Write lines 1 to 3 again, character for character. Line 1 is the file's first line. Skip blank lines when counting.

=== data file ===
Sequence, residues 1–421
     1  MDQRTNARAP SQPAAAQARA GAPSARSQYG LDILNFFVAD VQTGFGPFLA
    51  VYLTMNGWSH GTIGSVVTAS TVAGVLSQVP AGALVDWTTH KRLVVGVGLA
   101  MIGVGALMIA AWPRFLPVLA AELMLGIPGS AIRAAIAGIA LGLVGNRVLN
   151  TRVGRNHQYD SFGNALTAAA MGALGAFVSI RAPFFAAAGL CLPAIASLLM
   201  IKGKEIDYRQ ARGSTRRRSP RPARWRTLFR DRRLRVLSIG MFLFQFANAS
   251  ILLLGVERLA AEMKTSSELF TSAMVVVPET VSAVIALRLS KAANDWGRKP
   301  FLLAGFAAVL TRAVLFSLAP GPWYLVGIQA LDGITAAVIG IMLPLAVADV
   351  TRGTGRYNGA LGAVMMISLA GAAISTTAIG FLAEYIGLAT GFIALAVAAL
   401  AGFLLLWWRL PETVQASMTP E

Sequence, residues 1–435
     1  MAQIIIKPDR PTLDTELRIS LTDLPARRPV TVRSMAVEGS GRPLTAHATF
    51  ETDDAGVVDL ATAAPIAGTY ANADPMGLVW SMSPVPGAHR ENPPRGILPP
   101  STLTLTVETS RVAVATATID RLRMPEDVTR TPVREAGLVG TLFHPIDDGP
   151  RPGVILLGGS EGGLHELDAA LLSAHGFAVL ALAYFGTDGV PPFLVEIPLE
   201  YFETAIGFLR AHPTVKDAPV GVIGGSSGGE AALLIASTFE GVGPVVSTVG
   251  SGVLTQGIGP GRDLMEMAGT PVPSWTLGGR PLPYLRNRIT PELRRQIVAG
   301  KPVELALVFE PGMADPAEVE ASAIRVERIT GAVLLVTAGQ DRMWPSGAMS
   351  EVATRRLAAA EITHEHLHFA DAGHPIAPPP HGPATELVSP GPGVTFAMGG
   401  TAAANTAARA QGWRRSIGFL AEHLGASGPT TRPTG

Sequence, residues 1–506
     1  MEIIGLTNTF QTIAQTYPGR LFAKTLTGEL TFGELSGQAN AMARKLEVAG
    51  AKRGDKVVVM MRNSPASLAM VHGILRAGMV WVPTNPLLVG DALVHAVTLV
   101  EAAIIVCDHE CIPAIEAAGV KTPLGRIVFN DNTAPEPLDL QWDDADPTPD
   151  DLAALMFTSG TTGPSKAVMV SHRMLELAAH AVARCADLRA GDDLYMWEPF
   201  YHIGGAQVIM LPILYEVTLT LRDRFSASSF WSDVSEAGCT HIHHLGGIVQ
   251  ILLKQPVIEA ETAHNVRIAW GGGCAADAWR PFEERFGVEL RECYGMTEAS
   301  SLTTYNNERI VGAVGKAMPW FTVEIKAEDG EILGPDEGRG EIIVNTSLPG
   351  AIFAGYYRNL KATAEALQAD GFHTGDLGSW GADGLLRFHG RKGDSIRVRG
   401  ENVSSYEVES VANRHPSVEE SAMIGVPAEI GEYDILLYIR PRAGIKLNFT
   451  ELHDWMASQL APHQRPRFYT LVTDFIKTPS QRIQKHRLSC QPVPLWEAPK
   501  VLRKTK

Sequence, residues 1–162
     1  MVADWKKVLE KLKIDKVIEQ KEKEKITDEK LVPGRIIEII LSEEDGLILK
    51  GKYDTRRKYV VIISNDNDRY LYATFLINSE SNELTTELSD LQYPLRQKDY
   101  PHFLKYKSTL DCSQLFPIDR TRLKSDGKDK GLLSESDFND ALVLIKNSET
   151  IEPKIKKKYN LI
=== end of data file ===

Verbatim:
Sequence, residues 1–421
     1  MDQRTNARAP SQPAAAQARA GAPSARSQYG LDILNFFVAD VQTGFGPFLA
    51  VYLTMNGWSH GTIGSVVTAS TVAGVLSQVP AGALVDWTTH KRLVVGVGLA